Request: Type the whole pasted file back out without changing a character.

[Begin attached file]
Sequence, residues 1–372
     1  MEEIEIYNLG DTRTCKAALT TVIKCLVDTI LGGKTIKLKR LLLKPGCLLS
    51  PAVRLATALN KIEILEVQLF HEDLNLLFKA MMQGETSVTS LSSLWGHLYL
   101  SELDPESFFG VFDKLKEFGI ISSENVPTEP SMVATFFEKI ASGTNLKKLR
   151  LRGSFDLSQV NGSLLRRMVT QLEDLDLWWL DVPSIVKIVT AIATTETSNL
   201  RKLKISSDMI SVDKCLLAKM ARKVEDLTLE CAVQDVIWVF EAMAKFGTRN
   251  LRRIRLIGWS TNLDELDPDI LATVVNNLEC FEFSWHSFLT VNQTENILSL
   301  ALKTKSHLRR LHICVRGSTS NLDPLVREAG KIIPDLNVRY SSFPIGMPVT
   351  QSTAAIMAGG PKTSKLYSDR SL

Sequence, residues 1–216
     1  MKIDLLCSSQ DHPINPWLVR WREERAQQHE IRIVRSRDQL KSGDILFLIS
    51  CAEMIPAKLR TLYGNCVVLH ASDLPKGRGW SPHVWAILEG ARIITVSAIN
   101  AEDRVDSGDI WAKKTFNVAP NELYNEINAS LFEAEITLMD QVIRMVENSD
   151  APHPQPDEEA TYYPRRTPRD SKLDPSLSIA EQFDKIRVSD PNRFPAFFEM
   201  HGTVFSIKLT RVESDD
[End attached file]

Sequence, residues 1–372
     1  MEEIEIYNLG DTRTCKAALT TVIKCLVDTI LGGKTIKLKR LLLKPGCLLS
    51  PAVRLATALN KIEILEVQLF HEDLNLLFKA MMQGETSVTS LSSLWGHLYL
   101  SELDPESFFG VFDKLKEFGI ISSENVPTEP SMVATFFEKI ASGTNLKKLR
   151  LRGSFDLSQV NGSLLRRMVT QLEDLDLWWL DVPSIVKIVT AIATTETSNL
   201  RKLKISSDMI SVDKCLLAKM ARKVEDLTLE CAVQDVIWVF EAMAKFGTRN
   251  LRRIRLIGWS TNLDELDPDI LATVVNNLEC FEFSWHSFLT VNQTENILSL
   301  ALKTKSHLRR LHICVRGSTS NLDPLVREAG KIIPDLNVRY SSFPIGMPVT
   351  QSTAAIMAGG PKTSKLYSDR SL

Sequence, residues 1–216
     1  MKIDLLCSSQ DHPINPWLVR WREERAQQHE IRIVRSRDQL KSGDILFLIS
    51  CAEMIPAKLR TLYGNCVVLH ASDLPKGRGW SPHVWAILEG ARIITVSAIN
   101  AEDRVDSGDI WAKKTFNVAP NELYNEINAS LFEAEITLMD QVIRMVENSD
   151  APHPQPDEEA TYYPRRTPRD SKLDPSLSIA EQFDKIRVSD PNRFPAFFEM
   201  HGTVFSIKLT RVESDD